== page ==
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Most of molecules enter or leave cells mainly via membrane transport proteins, which play important roles in several cellular functions, including cell metabolism, ion homeostasis, signal transduction, binding with small molecules in extracellular space, the recognition process in the immune system, energy transduction, osmoregulation, and physiological and developmental processes. There are three major types of transport proteins, ATP-powered pumps, channel proteins and transporters.
ATP-powered pumps are ATPases that use the energy of ATP hydrolysis to move ions or small molecules across a membrane against a chemical concentration gradient or electric potential. Channel proteins transport water or specific types of ions down their concentration or electric potential gradients. Many other types of channel proteins are usually closed, and open only in response to specific signals. Because these types of ion channels play a fundamental role in the functioning of nerve cells. Transporters, a third class of membrane transport proteins, move a wide variety of ions and molecules across cell membranes. Membrane transporters either enhance or restrict drug distribution to the target organs. Depending on their main function, these membrane transporters are divided into two categories: the efflux (export) and the influx (uptake) transporters.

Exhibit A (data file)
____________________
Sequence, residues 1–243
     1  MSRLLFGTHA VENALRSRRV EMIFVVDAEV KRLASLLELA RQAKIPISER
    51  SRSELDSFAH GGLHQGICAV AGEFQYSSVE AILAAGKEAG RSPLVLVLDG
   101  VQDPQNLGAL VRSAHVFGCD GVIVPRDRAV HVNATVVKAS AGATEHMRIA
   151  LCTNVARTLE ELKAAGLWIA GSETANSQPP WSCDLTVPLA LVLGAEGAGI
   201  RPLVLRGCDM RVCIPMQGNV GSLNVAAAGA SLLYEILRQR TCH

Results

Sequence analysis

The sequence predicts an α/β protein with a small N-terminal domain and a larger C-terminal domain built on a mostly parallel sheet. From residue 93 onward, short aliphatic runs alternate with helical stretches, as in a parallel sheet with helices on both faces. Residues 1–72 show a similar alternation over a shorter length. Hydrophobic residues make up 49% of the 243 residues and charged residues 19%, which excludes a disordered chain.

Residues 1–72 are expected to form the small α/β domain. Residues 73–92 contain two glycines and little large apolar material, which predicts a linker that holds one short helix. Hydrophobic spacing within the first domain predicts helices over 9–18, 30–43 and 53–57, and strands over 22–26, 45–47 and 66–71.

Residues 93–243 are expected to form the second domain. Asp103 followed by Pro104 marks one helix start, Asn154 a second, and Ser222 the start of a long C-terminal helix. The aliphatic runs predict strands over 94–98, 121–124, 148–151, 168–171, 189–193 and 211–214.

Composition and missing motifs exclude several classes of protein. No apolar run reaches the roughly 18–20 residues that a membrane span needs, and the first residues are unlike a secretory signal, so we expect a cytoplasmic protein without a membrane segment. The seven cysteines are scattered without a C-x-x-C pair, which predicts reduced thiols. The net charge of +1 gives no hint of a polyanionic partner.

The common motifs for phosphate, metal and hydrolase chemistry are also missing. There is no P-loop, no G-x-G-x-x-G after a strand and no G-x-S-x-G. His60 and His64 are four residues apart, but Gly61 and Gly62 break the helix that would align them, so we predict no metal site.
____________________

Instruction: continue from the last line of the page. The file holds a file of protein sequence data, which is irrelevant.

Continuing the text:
Transport proteins such as channels and transporters play important roles in the maintenance of intracellular homeostasis, and mutations in these transport protein genes have been identified in the pathogenesis of a number of hereditary diseases. In the central nervous system ion channels have been linked to many diseases such, but not limited to, ataxias, paralyses, epilepsies, and deafness indicative of the roles of ion channels in the initiation and coordination of movement, sensory perception, and encoding and processing of information. Furthermore, drug transporters can serve as drug targets or as a mechanism to facilitate drug delivery to cells and tissues.
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